On the tragedy of the Iraq war, there was a place for a bit of greatness on Britain’s part.  It is now clear from all the books coming out of the US that the Bush administration always assumed that the UK would be with them.  It is also clear how desperate the US was to be been to be in a coalition.  It boasted of a coalition of 35 and went around the poorest countries in the world such as Rwanda and Eritrea to bully them into signing up, thought they did not request a single soldier.  The American people were lied to in a different way than the British people and thus 80 per cent of them believed that the attack on the Twin Towers came out of Iraq.  Not surprisingly, they were therefore willing to contemplate war, but 80 per cent said repeatedly, in coalition, yes, alone no.  Britain’s role was to be that coalition.  It is true that Australia also supported the US but alone that would not have been enough to look like a serious coalition.

If only Tony Blair had had the confidence to see the UK as an independent country with an independent mind, he would have made UK support conditional on a second UN resolution.  And when it became clear that there were no WMD in Iraq, instead of smearing Hans Blix and rushing to war before his evidence became ever clearer, we could have accepted that sanctions should be lifted and Saddam Hussein indicted for crimes against humanity.  And just as in Serbia with Milosevic, the people of Iraq could have sent him for trial in The Hague.  This policy would not have suited the neo-conservatives who wanted to dominate Iraqi oil and its location on the gulf and thought Saddam Hussein’s unpopularity would make their invasion popular.  But it would have left Iraq and the world in a better place.  And Britain would have retained its honour and reputation.  Why did this not happen?  Because Tony Blair preferred to lie to his Cabinet, parliament and country than risk the American alliance.  And yet, he paradox is, as the recent Presidential elections have concluded, that a UK stand could have saved the US from a disastrous foreign policy mistake.

On Afghanistan, I remain of the view that the decision to topple the Taliban regime was reasonable since they refused to hand over Osama bin Laden for trial and he both claimed to have organised the attack on the twin towers and was training more recruits for similar attacks.  But the US decision to stay outside the Nato deployment and desire to bomb and attack wherever they thought right in order to find Osama bin Laden and Mullah Omah, led to constant bombing in places like Helmand.  With virtually no debate, Tony Blair agreed to take over responsibility for Helmand from the US in 2006. John Reid, the then Defence Secretary, famously talked about the possibility of the troops returning without a shot being fired.  But it was by then clear that the whole strategy in Afghanistan was going wrong.  Instead of the UK uniting with others to review the position, Britain abjectly took over the most difficult region of the country and consequently sacrificed the lives of many of our troops.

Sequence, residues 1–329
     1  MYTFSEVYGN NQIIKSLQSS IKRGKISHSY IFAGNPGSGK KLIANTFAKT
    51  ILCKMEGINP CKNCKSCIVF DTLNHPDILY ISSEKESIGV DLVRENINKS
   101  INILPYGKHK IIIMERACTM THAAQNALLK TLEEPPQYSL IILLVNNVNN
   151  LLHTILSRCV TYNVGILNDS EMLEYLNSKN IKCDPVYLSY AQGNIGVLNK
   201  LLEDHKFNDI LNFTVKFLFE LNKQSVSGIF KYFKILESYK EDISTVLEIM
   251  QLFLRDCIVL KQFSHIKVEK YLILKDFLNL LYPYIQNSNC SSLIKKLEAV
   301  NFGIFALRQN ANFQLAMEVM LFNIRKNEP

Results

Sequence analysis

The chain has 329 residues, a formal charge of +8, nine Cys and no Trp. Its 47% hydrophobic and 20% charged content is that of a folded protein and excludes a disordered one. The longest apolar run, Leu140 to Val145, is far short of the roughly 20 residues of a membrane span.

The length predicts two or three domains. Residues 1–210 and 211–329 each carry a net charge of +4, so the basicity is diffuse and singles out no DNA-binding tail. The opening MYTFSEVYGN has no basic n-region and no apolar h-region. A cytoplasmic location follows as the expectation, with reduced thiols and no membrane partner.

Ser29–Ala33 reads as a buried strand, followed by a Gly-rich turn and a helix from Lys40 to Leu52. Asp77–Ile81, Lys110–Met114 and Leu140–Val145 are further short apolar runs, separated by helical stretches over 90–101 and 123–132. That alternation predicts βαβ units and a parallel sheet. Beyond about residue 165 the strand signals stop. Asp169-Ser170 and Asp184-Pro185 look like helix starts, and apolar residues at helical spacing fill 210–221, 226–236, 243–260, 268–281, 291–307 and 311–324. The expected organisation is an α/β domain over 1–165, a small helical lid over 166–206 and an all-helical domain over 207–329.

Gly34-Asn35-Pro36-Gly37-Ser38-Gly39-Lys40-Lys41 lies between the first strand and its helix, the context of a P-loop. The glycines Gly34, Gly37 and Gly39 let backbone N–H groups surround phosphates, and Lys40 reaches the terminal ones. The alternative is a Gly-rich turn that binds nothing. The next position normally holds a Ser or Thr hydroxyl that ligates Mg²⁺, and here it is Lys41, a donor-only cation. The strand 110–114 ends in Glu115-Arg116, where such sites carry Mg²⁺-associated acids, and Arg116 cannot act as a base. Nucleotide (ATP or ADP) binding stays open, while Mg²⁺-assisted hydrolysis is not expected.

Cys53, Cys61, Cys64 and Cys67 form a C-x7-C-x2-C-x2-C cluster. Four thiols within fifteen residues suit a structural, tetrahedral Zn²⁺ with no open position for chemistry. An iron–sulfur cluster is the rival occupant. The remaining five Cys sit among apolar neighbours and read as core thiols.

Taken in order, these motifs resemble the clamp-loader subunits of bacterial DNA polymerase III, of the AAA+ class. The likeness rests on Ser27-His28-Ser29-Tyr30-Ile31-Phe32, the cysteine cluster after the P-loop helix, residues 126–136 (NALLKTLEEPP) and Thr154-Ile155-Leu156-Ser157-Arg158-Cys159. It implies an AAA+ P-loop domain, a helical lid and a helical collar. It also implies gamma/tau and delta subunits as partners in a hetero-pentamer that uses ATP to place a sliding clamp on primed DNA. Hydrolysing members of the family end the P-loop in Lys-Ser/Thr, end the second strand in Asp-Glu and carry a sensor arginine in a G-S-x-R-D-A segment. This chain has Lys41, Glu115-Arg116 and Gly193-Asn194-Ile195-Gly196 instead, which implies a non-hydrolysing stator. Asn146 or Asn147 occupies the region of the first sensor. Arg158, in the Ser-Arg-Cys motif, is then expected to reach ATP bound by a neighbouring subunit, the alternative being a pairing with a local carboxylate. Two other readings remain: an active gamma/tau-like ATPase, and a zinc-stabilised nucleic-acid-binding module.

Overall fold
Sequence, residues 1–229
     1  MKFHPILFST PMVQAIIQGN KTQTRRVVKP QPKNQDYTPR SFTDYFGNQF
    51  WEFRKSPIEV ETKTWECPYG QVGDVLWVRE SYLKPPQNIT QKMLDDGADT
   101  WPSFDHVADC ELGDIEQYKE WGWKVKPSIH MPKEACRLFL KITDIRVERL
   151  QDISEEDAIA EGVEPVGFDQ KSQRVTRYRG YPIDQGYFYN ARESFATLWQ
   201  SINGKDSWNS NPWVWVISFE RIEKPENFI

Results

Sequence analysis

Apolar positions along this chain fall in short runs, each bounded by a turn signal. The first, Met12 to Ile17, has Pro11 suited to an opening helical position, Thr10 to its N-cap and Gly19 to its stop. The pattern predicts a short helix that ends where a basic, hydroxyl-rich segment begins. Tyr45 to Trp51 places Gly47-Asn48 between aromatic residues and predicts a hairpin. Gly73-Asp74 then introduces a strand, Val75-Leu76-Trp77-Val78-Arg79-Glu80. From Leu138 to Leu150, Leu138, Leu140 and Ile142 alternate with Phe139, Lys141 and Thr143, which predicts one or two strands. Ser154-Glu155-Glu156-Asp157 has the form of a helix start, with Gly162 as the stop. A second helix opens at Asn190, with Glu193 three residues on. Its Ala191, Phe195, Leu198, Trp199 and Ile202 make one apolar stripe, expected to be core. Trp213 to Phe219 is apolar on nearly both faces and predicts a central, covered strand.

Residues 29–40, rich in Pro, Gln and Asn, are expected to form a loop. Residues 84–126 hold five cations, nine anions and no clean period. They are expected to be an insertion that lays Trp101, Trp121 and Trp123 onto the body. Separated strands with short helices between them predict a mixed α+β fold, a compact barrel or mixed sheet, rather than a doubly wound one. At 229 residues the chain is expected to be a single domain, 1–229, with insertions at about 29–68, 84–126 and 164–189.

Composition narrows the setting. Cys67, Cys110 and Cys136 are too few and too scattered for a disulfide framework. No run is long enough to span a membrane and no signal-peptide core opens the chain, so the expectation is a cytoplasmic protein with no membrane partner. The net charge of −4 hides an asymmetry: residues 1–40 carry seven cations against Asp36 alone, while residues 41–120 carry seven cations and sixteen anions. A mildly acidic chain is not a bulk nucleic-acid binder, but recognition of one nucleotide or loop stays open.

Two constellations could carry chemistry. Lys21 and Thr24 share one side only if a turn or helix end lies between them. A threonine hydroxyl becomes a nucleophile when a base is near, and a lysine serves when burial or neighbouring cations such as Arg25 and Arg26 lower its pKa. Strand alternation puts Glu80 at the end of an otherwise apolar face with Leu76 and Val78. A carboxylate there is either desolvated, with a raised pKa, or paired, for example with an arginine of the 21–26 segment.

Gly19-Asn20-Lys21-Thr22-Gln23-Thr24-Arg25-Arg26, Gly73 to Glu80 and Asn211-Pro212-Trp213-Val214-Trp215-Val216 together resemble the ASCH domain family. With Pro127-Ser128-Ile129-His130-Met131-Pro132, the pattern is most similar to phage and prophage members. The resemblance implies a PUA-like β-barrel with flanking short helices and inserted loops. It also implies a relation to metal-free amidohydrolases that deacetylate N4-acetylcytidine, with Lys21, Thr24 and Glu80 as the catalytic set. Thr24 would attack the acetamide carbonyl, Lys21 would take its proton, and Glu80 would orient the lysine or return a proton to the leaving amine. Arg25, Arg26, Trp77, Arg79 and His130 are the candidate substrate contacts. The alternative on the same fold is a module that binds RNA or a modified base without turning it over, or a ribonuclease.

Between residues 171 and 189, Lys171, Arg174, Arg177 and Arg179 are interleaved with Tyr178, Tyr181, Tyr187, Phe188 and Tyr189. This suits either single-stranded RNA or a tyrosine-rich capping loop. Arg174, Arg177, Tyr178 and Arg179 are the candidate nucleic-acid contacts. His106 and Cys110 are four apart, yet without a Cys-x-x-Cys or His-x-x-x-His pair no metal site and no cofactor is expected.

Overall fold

On the question of the Israel/Palestine conflict, successive British governments used to stand firm on international law.  But we have now had the International Court of Justice declare in a powerful ruling that the Israeli wall is illegal, the settlements and closures are illegal and yet the US, UK and EU continue to do nothing about it.  The prospects of a two state solution are evaporating as Israel incorporates more and more of the Occupied Territories and systematically confines the Palestinians to a series of impoverished Bantustans.  As the former Prime Minister of Israel has said, this will mean a second world wide campaign against a cruel apartheid-like state.  And yet the UK, with its historical responsibility for the situation in Palestine, does not have the courage to stand up for the principles of international law.  This is even more bewildering when there is a ready instrument to hand with the EU-Israeli trade treaty giving Israel privileged access to the European market on condition that it respects human rights and the principles of international law.  The tragedy of this is the continuing and increasingly grim suffering of the Palestinians, continuing violence and division and bitterness across the Arab and Moslem world.  The unspoken tragedy is that the moral authority of the UN and of international law is being undermined.  And Britain looks increasingly foolish as our clever young Foreign Secretary makes the neo-conservative case more articulately than do the neo-cons and tries to posture on the world stage when everyone knows that the UK is no more than a US stooge.